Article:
Auramon Supthaweethum, Director-General of the Trade Negotiations Department (TND), said the joint study by the TND and the Institute of Future Studies for Development (IFD) found that an EU-Thailand FTA is expected to help raise exports by 3.43 percent, imports by 3.42 percent and investment by 2.74 percent a year.
Other economic figures such as household consumption and public welfare would also benefit from the deal, she said.
Thai products expected to reap benefits from the pact, if implemented, include automobiles and parts, garments, electronics, chemicals, rubber, plastics, food and processed food products, machinery and parts, construction, and leather products.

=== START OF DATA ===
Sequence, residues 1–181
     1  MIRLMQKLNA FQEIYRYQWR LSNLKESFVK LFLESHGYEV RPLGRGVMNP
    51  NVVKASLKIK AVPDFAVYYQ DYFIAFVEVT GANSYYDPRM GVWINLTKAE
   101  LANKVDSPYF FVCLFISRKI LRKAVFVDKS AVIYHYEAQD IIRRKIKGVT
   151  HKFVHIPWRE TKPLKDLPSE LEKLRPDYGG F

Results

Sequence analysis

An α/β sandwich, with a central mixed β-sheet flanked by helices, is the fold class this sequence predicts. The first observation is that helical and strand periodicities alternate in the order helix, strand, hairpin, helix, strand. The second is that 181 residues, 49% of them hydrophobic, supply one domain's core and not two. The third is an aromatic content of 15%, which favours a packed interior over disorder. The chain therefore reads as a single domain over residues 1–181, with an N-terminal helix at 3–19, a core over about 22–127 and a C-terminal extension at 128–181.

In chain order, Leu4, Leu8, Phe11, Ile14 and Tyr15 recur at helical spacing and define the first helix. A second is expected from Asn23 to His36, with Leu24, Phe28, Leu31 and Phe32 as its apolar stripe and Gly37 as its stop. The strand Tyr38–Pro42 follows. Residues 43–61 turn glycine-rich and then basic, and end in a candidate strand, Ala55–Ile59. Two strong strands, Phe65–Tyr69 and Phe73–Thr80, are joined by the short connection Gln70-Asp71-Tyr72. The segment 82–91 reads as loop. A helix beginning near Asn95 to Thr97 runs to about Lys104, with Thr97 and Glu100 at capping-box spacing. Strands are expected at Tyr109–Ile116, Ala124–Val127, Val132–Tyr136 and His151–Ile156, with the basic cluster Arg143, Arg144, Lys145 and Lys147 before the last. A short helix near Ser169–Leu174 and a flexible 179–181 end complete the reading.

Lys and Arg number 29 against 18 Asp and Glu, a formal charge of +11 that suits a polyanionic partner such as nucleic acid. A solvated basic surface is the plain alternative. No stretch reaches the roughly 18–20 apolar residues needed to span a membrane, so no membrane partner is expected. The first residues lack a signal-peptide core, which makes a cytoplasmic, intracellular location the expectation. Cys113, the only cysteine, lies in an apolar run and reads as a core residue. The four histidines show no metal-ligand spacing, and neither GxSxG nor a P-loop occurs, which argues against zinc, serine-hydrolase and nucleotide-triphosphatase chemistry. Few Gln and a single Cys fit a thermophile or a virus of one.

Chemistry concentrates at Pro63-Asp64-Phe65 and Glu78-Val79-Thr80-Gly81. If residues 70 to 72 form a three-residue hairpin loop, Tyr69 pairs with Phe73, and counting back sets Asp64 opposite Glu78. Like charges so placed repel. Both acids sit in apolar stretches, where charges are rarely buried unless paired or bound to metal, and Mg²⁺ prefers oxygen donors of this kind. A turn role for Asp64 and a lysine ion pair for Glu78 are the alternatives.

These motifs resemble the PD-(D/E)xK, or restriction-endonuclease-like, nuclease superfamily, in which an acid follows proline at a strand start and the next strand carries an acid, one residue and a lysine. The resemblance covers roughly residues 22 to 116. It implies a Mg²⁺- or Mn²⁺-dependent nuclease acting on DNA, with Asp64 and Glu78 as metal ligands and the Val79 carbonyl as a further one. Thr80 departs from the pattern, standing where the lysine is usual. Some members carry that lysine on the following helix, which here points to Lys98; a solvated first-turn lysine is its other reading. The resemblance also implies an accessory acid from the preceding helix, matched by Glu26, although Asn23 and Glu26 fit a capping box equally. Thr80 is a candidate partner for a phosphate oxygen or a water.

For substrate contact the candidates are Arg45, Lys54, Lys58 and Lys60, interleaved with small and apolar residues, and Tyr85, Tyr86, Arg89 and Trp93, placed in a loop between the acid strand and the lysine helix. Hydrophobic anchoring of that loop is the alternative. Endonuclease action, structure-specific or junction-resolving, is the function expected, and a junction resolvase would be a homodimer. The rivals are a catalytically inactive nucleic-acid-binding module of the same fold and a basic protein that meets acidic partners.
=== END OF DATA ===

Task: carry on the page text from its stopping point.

Thai products likely to feel the pinch from the FTA include sugar, vegetables, fruits and beans.
According to Auramon, there are further concerns about the pact's treatment of alcoholic drinks and medicine and plant varieties.
The EU is Thailand's fourth-largest trading partner in the world and the fourth-biggest investor in the Southeast Asian country.
Bilateral trade between Thailand and the EU totalled US$47.3 billion in 2018, accounting for 9.4 percent of Thailand's trade with the global market. The figure was up 6.5 percent from the year before.